Feeds

Boffins: Blue light kills MRSA 'superbugs'

Just ask to ride on the ambulance roof

Security for virtualized datacentres

American medi-boffins say they have developed a way to kill so-called "superbugs" - deadly infections which can't be cured using antibiotics - by simply shining a certain wavelength of blue light on them. They believe the technique could be used safely on patients infected with MRSA*.

"It is inspiring that an inexpensive naturally visible wavelength of light can eradicate two common strains of MRSA. Developing strategies that are capable of destroying MRSA, using mechanisms that would not lead to further antibiotic resistance, is timely and important for us and our patients," says Chukuka S Enwemeka PhD of the New York Institute of Technology.

Enwemeka and his colleagues had already shown that you can zap MRSA using a 405-nanometre blue light diode. Unfortunately a 405-nm superluminous diode emits light in the range 390-420 nm, which includes some ultraviolet (UV). There's not much point curing someone of a superbug infection if you wind up giving them skin cancer in the process.

But now, according to the New York-based boffinry crew, they have shown that two important strains of MRSA - one of the sort people catch in hospitals, another more commonly picked up "in the community" - can be fried out of existence using a 470-nanometre superluminous diode, which is safely clear of the UV band.

According to their research paper, available free online in advance of publication:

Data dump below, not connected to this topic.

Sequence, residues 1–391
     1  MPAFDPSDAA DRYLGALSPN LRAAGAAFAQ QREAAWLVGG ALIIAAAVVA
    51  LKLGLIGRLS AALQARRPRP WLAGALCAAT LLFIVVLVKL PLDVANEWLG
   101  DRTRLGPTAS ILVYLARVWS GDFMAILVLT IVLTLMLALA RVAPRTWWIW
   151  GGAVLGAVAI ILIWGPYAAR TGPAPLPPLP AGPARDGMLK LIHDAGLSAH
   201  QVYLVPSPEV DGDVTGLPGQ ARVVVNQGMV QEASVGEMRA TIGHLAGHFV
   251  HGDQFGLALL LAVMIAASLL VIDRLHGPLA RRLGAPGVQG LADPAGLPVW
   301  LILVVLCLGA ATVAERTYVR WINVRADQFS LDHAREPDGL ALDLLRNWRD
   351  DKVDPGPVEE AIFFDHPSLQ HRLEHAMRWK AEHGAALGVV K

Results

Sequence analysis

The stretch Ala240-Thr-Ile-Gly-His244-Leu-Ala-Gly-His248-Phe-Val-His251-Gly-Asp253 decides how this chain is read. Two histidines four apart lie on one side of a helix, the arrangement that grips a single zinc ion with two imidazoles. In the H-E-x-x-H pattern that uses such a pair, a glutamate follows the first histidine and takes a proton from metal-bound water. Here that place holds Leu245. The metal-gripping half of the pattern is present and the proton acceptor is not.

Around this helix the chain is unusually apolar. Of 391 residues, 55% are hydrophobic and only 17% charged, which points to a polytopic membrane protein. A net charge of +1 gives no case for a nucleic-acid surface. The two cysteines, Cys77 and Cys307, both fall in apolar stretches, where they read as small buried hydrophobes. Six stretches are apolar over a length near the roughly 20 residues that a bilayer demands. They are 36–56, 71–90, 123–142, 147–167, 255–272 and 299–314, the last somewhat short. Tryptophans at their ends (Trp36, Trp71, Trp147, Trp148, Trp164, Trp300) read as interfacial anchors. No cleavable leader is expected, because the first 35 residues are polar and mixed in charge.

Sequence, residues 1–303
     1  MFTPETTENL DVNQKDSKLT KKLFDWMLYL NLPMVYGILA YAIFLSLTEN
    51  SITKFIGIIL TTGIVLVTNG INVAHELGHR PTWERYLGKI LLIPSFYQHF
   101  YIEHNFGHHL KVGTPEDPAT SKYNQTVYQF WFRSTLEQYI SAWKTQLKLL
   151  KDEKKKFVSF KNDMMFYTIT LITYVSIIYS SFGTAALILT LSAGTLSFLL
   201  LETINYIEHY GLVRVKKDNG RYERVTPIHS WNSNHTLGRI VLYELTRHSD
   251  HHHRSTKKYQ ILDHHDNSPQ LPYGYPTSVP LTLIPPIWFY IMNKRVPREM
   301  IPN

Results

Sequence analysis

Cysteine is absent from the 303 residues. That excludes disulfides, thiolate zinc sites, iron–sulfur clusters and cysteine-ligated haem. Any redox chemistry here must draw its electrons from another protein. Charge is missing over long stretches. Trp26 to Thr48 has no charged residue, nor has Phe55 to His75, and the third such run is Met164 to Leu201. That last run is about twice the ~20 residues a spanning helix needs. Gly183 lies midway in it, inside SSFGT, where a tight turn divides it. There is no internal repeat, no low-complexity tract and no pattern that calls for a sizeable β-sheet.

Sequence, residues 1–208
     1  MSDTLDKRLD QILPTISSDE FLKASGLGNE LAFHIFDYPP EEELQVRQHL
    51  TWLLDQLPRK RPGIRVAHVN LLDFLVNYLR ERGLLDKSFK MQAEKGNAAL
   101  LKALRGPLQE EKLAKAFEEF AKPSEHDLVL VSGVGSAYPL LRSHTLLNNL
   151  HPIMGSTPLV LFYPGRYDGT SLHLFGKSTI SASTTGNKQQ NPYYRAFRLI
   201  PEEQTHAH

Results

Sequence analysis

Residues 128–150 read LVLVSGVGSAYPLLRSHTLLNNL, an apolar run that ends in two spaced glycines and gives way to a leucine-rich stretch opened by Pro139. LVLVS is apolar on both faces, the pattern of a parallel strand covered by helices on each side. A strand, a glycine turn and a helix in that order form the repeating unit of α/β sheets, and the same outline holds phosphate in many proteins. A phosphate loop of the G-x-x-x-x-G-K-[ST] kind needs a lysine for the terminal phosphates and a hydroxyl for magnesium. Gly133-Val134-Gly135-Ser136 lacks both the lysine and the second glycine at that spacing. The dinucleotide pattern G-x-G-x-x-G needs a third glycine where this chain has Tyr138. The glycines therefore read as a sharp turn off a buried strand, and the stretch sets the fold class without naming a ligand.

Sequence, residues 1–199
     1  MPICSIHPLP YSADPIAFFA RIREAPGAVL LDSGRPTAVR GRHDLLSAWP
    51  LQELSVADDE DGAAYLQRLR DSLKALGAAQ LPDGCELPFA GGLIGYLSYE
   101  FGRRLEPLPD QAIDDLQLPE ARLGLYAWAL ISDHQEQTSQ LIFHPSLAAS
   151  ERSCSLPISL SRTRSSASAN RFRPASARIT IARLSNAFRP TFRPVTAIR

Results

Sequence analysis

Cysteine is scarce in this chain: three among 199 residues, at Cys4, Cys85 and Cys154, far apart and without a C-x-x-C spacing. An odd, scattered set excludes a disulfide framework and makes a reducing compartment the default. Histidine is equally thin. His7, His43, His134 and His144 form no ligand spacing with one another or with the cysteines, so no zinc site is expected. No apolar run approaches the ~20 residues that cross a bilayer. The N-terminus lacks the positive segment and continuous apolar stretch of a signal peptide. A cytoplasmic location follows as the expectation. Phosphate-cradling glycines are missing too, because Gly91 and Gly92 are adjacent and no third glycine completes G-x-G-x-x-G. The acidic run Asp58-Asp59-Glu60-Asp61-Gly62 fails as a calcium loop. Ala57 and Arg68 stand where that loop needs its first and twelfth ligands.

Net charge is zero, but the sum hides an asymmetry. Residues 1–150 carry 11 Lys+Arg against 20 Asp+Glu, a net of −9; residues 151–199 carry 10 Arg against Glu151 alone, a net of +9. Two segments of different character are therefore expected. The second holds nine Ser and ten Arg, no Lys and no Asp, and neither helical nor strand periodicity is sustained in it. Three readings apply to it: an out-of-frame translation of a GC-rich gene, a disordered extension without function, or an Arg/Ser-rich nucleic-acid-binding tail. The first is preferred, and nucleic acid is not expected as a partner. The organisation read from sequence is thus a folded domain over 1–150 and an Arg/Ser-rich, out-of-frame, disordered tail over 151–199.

Conclusion: At practical dose ranges, 470-nm blue light kills HA-MRSA and CA-MRSA in vitro, suggesting that a similar bactericidal effect may be attained in human cases of cutaneous and subcutaneous MRSA infections.

Goodness knows whether this can really be turned into a useful therapy, but it seems interesting. And it would appear to hint that at least a few places in modern society are fairly unlikely to harbour deadly flesh-eating superbugs. The underside of a socially-disadvantaged youth's car, for instance; or perhaps the roof of the responding ambulances and police vehicles. ®

*Methicillin-Resistant Staphylococcus aureus, one of the more serious superbugs, resistant not only to penicillin but also the more modern, arse-kickinger methicillin.

Security for virtualized datacentres

More from The Register

next story
Boffins who stare at goats: I do believe they’re SHRINKING
Alpine chamois being squashed by global warming
What's that STINK? Rosetta probe shoves nose under comet's tail
Rotten eggs, horse dung and almonds – yuck
Comet Siding Spring revealed as flying molehill
Hiding from this space pimple isn't going to do humanity's reputation any good
Kip Thorne explains how he created the black hole for Interstellar
Movie special effects project spawns academic papers on gravitational lensing
Experts brand LOHAN's squeaky-clean box
Phytosanitary treatment renders Vulture 2 crate fit for export
LONG ARM of the SAUR: Brachially gifted dino bone conundrum solved
Deinocheirus mirificus was a bit of a knuckle dragger
Moment of truth for LOHAN's servos: Our US allies are poised for final test flight
Will Vulture 2 freeze at altitude? Edge Research Lab to find out
prev story

Whitepapers

Why cloud backup?
Combining the latest advancements in disk-based backup with secure, integrated, cloud technologies offer organizations fast and assured recovery of their critical enterprise data.
A strategic approach to identity relationship management
ForgeRock commissioned Forrester to evaluate companies’ IAM practices and requirements when it comes to customer-facing scenarios versus employee-facing ones.
Security for virtualized datacentres
Legacy security solutions are inefficient due to the architectural differences between physical and virtual environments.
Reg Reader Research: SaaS based Email and Office Productivity Tools
Read this Reg reader report which provides advice and guidance for SMBs towards the use of SaaS based email and Office productivity tools.
New hybrid storage solutions
Tackling data challenges through emerging hybrid storage solutions that enable optimum database performance whilst managing costs and increasingly large data stores.